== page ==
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Old 21-09-2011, 18:54   #23
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Re: 'Spotless Stainless Steel' Reviews ?

Here is the citrus based stuff we used - we have no commercial interest:

The Rust Store - CitriSurf

Chris
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Old 22-09-2011, 06:02   #24
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Re: 'Spotless Stainless Steel' Reviews ?

Quote:
Originally Posted by witzgall View Post
Here is the citrus based stuff we used - we have no commercial interest:

The Rust Store - CitriSurf

Chris
I looked through this site with great interest. A place which does NOTHING other than address rust, in myriad ways and products, seems like it should be well versed and based on the issues.

One gotcha which we were told by SSS would be ok is that rinsing with salt water doesn't get it. Being full time - undocked! - cruisers (this abomination of a boatyard's extended stay excepted - you can see some of the 17 current or finished projects, including our cutting away all the rot and replacing with new in the anchor assembly, by going to the 2011 refit in the gallery in the sig line), using copious fresh water to rinse is a non-starter.

Whether the difficulties we encountered were a product of rinsing with salt water, or just the massively challenging rust on the anchor system due not only to the original issues of age but the repair which was done in St. Augustine to address some serious failures, is unknown, but it makes sense that it couldn't have helped.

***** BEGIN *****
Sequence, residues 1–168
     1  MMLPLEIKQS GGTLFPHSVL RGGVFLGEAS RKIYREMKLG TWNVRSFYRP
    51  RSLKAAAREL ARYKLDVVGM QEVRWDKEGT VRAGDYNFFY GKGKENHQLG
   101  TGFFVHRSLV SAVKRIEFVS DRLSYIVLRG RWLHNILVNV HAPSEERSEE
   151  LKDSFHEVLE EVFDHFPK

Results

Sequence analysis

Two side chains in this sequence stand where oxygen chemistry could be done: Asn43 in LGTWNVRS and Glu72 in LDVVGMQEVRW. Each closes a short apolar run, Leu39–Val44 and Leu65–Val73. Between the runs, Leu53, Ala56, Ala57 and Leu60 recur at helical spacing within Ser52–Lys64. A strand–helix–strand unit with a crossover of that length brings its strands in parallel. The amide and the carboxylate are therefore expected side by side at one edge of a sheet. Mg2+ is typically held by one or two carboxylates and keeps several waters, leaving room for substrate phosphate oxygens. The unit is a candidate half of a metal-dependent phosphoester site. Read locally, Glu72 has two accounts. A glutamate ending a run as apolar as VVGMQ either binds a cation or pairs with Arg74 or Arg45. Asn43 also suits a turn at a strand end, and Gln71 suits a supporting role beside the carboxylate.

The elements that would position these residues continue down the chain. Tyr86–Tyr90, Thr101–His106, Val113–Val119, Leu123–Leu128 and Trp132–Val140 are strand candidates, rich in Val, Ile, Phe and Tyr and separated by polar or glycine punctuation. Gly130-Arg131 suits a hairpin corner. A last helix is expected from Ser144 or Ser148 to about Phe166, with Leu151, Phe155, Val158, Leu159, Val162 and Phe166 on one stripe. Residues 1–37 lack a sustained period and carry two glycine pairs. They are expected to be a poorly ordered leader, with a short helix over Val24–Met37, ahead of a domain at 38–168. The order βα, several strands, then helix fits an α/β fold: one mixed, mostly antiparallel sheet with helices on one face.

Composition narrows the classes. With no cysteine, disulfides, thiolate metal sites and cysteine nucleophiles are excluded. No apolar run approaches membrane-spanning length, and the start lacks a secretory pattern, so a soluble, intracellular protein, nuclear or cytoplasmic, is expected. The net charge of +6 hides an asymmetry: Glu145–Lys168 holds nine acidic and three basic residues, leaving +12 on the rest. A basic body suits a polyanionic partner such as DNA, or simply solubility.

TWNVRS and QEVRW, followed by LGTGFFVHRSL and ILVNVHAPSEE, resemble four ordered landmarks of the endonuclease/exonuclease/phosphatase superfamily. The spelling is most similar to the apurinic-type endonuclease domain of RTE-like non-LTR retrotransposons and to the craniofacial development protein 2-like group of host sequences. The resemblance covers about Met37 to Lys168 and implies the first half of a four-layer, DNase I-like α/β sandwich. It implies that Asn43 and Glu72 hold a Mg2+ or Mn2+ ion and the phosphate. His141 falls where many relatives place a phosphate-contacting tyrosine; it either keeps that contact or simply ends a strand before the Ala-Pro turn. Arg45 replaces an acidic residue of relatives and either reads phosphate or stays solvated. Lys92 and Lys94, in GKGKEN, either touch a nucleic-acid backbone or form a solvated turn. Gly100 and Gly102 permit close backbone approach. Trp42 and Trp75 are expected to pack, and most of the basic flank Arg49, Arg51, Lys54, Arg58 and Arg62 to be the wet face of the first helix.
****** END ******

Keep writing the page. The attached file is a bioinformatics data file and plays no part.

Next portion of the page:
The inference I get from a brief scan of their material suggests that if it's a spray product, you don't have to keep spraying it for the recommended 15-30 minutes of active time. To his credit, Allen at SSS is VERY responsive personally when you have a question; I've not attempted contacting The Rust Store to see if they have the same availability.

Back to the train of thought, however, it appears that it may be possible to use a sponge or washcloth to remove this spray product, assuming you can actually reasonably get to the area involved.

Also, I'd reference some SS work for our platform which I had done in our original refit, now more than 5 years ago (prolly more like 7 by now) which was passivated after weld-up by the fabricator using nothing other than rags to keep it in contact, and pouring more on to keep it wet, for several days, plain old lemon juice obtained in bulk containers. That material is still shiny/unrusted other than some easily removed surface stains - so, apparently, it worked.

For material which has already had some passivation treatment, but just has surface rust, this spray product(s - one with a bit more rust remover) may well be doing the same sort of thing, but without the need to keep it wet as in SSS.

I'd love to hear from more users of the Rust Store's stuff; there's a comments section in their website which I've not yet read, but I always take the seller's site with a bit of a grain of salt, as there's obviously an ax to grind there - SSS is replete with shining (pardon the expression) testimonials, but then, there's my experience, including a small test in very controlled conditions which led to the not-very-good results (it didn't resolve the problems created earlier) on the shackle for the turning block referenced in the Oxalic portion of this thread.

FWIW, I, too, have new standing rigging (2009 refit) which has surface rust at the top of each of the Stay-Locks - and which appeared very quickly...

L8R

Skip, thrilled with the anchor system project outcome (gallery link), other than the 75#CQR knuckle now frozen, perhaps as a result of my experiments with the Wonder Gel nitric stuff having somehow gotten on it, or, just that it's the secondary and so doesn't move for months at a time...
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Old 22-09-2011, 07:33   #25
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Re: 'Spotless Stainless Steel' Reviews ?

Spotless Stainless (and I bet the other acetic acid product mentioned) is the best new boat maintenance product I've found in the last 10 years. That said, I use it only for the specific tough spots where other metal cleaners struggle. This is:

Welds in tubing